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Obama signs order on GI Bill diploma mills

Complaints have grown over fraudulent marketing.

FORT STEWART, Ga. - President Obama reached out to a generation of young soldiers Friday as he added new protections for veterans and military families misled or bilked by career colleges and technical programs that target their federal education benefits. "They don't care about you," he declared, "they care about your cash."

Obama signed a broad order that partially addresses growing complaints about fraudulent marketing and recruiting practices aimed at military families eligible for federal education aid under the GI Bill.

Sounding outraged, Obama said some of these schools go after military men and women "just for the money." And citing what he called "one of the worst examples," Obama said a college recruiter enrolled Marines with brain injuries who couldn't even remember what courses they had signed up for.

"That's appalling, that's disgraceful," Obama said. "They're trying to swindle and hoodwink you."

In remarks that echoed some of his election-year rhetoric, Obama said he made troops and veterans a promise that America would fight for them just as they fought for their country. He addressed what he called the "9/11 generation," both in the military and out, as he listed accomplishments of his first term.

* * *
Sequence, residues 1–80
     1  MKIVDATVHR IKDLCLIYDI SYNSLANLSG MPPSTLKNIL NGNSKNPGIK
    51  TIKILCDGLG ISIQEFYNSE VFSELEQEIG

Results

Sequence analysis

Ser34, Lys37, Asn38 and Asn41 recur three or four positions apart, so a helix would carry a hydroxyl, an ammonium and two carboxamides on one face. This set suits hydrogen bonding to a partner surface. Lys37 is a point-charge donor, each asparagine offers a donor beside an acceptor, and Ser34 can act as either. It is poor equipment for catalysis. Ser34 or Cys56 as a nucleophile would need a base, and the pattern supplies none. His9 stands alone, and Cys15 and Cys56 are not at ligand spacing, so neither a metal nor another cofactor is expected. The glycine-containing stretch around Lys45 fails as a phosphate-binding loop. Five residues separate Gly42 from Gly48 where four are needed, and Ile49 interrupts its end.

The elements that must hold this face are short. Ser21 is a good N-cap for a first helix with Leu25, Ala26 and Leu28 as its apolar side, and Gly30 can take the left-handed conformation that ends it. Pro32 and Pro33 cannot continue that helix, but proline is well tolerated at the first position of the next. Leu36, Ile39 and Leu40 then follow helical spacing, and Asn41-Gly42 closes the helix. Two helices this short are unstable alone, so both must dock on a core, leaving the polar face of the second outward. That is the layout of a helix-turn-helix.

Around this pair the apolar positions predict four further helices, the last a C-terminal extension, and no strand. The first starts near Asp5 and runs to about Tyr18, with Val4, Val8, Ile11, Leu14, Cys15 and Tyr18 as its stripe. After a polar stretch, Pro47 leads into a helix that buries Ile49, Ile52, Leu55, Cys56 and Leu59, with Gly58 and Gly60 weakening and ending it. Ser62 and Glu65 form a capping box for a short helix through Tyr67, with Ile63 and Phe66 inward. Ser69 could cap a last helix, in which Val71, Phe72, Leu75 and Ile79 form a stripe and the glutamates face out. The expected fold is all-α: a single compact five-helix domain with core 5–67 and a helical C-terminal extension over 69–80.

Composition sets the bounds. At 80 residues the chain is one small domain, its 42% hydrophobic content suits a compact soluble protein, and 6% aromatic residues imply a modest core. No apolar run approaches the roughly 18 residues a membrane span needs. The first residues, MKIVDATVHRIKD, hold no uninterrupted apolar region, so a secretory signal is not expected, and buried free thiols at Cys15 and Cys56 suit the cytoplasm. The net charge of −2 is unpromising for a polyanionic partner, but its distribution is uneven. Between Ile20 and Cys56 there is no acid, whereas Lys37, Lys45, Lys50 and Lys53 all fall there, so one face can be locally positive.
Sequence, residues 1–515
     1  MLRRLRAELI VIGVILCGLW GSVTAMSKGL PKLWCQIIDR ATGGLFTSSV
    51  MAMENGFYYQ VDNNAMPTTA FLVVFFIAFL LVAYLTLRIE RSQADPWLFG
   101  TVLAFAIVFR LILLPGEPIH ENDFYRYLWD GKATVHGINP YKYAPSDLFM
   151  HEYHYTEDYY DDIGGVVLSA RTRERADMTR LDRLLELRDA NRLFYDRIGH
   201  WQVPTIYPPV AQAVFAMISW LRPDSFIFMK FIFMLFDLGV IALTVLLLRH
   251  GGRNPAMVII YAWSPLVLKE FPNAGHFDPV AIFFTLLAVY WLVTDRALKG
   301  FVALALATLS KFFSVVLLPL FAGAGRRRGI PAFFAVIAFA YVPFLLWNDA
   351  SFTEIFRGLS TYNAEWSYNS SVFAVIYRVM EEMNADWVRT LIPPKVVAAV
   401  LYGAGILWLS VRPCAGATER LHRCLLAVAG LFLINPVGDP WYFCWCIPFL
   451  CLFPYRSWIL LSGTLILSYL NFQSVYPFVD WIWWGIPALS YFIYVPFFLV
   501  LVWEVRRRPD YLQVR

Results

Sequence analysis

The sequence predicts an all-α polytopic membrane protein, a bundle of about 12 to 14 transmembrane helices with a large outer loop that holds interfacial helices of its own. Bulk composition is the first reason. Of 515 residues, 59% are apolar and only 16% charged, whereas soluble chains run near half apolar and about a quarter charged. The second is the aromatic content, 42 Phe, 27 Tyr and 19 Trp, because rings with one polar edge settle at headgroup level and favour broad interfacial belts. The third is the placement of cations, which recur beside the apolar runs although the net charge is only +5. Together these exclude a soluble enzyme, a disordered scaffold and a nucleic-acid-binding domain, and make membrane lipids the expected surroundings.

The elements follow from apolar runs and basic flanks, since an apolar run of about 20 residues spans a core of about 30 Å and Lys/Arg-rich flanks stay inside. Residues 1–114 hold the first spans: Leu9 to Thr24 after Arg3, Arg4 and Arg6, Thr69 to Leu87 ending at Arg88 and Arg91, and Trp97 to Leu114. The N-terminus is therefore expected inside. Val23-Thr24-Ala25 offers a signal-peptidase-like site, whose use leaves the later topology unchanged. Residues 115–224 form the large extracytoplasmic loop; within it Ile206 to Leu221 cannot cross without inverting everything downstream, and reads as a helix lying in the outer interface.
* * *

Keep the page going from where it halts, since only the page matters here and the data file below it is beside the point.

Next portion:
First, the president and Michelle Obama paid tribute to fallen soldiers, walking slowly hand in hand along the Fort Stewart Warriors Walk, a wide path lined with 441 memorial trees. At the base of each tree sits a granite marker with a soldier's name.

Though there is little the federal government can do to shut down diploma mills, the new protections would make it harder for postsecondary and technical schools to misrepresent themselves to military students.

The main target of the White House action is for-profit colleges and universities that market heavily to military families because of the easy availability of federal money under the GI Bill.

Some postsecondary schools try to attract current and former military service members using deceptive military-themed websites that appear to be government-run or connected to the GI Bill benefit system, administration officials said.

Commercial sites like, for instance, give the appearance of being information sites about the benefit but in fact direct users to a narrow list of mostly for-profit institutions.

Colleges - not all of them for-profits - advertise on such sites and pay outside companies for recruiting leads, hoping for a piece of the estimated $9 billion the new G.I. Bill is expected to pay out this year to educate nearly 600,000 veterans.

Much of the advertising is tied closely to online searches for terms like "GI Bill." As a result, the Obama administration wants to trademark the term "GI Bill" so it can't be used as an enticement.

Quality at for-profit colleges varies widely, and many are a good fit for students, particularly adult learners looking for flexible scheduling and specialized career training that often requires a certificate but not a degree.